Towards a generalized model of diagnostic behaviour

E.T. Keravnou, L. Johnson
1989 Knowledge-Based Systems  
A model of diagnostic behaviour shared by most diagnostic tasks is discussed. The model is, by-andlarge, presented at a conceptual (knowledge) level. Its expression at more concrete levels is task dependent. The modelS use can be seen as being twofold: first as an aid in the construction of more adequate shells for diagnostic tasks; and second, and more importantly, as the initial (albeit crude) interpretation model held by the knowledge engineer about to embark on the cumbersome task of
more » ... ng a particular expert diagnostician's behaviour. Two approaches to the use of computers in diagnosis can be identified: first, one can use the computer's speed, arithmetic capabilities and storage capacity to solve problems in ways that people cannot; and second, the computer's plasticity can be used to model human problem solving. Combining these approaches offers the prospect of extending the range of diagnostic procedures. The diagnostic model discussed in this paper is intended to be a framework for combining the two fundamental approaches. We believe that only a framework which is a global model of human diagnostic reasoning can form an adequate basis for such a combination. Our global model contains a fundamental division between what Chandrasekaranl has called the generic task, and the data handling capacities of human beings. In the model, intelligent data handling is performed through a multi-faceted procedure called Decide-Status: it is through Decide-Status that access to mathematical models and large amounts of data can be provided in ways that are congruent with the demands of the generic task. The diagnostic model, however, has a second very important function: it forms part of a well founded and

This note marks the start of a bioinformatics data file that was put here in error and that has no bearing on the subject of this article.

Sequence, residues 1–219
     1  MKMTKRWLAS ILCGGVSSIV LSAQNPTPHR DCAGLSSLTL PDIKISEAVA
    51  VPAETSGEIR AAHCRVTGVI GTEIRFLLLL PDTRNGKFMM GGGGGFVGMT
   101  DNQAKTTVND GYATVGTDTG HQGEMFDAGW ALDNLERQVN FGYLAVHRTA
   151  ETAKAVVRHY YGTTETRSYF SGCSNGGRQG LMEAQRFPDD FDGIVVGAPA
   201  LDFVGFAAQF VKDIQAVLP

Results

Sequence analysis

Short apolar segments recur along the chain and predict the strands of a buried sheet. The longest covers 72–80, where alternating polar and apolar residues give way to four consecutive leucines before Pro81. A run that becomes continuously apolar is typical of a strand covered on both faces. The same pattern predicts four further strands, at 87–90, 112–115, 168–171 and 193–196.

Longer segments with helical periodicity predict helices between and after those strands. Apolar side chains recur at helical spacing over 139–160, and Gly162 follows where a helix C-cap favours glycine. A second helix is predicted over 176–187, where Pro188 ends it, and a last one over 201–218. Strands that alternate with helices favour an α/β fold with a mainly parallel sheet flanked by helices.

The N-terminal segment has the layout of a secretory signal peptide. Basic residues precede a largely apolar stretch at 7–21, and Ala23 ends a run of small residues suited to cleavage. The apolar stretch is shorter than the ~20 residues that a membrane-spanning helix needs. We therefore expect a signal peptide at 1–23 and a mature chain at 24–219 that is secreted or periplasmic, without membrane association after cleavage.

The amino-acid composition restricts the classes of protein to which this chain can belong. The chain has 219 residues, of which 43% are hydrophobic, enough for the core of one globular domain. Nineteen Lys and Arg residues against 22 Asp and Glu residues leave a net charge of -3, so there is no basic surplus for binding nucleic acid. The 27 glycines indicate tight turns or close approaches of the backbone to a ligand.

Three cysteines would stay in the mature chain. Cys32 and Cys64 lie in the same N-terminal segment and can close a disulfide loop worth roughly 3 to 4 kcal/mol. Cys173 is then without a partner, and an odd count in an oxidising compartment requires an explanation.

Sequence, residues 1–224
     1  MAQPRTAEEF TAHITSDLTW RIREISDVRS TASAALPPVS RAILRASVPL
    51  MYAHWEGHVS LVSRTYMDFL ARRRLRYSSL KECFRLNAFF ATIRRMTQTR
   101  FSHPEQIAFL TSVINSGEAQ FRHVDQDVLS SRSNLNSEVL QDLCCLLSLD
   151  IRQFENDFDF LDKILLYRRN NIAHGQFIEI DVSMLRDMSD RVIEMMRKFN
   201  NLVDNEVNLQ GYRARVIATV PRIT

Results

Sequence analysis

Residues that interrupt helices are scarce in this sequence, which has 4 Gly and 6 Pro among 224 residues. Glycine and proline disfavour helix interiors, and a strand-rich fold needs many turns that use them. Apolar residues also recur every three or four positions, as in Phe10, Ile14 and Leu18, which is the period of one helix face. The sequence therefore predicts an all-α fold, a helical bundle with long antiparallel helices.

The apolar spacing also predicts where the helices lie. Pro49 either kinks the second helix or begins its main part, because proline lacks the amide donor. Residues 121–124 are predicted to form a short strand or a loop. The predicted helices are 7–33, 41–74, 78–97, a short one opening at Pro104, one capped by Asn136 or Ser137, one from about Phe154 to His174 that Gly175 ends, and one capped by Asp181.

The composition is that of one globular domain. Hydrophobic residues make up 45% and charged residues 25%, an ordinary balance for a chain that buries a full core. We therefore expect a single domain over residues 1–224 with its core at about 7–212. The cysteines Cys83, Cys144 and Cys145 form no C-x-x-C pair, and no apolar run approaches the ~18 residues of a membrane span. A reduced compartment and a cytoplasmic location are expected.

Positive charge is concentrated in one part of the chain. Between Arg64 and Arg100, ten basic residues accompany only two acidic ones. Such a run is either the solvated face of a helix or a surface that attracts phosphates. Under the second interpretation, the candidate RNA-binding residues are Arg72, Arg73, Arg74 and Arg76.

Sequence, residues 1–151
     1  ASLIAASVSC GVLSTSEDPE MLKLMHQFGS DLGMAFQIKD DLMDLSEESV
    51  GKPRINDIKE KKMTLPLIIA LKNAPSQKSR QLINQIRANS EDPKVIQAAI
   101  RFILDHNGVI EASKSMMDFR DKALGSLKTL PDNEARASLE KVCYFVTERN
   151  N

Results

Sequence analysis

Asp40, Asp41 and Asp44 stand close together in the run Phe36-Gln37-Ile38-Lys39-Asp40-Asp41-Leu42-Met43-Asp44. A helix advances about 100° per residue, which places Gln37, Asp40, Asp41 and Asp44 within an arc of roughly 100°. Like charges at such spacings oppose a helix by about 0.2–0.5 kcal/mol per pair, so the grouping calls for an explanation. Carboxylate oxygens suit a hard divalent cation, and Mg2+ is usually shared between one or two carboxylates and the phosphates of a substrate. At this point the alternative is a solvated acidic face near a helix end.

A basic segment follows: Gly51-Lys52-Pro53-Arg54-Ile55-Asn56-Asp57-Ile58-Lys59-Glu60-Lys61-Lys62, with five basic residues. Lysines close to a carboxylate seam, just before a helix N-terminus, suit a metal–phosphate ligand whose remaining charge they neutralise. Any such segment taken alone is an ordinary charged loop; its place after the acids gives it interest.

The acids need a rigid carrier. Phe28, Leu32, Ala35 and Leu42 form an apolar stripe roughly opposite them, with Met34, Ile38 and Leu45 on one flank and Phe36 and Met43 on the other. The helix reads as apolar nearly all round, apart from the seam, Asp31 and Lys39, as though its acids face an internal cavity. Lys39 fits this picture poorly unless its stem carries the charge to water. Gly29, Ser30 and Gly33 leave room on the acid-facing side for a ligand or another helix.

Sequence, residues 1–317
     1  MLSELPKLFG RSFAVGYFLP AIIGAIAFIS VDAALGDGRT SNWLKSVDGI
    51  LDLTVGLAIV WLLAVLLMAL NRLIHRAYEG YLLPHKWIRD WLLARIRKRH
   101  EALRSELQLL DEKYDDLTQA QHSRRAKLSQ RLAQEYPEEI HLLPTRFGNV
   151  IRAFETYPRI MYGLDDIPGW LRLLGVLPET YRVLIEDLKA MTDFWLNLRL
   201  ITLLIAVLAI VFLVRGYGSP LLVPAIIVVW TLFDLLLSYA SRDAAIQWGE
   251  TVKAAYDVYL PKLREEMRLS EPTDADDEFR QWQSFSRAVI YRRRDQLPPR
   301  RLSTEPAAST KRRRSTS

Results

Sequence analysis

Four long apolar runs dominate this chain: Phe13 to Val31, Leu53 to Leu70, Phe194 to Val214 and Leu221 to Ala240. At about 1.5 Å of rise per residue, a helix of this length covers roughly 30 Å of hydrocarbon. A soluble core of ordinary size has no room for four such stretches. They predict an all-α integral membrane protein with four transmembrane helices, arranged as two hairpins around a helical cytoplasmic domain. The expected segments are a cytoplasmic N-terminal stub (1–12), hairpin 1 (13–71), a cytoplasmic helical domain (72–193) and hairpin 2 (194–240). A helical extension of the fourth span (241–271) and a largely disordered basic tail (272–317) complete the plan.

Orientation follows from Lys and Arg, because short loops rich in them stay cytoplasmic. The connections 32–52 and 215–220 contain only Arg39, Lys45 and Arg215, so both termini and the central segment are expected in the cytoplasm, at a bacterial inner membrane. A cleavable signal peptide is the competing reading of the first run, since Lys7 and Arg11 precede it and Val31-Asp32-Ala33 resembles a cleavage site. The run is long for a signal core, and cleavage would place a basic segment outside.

doi:10.1016/0950-7051(89)90021-x fatcat:hjeurijjtbdoblpdvjr3fwh4km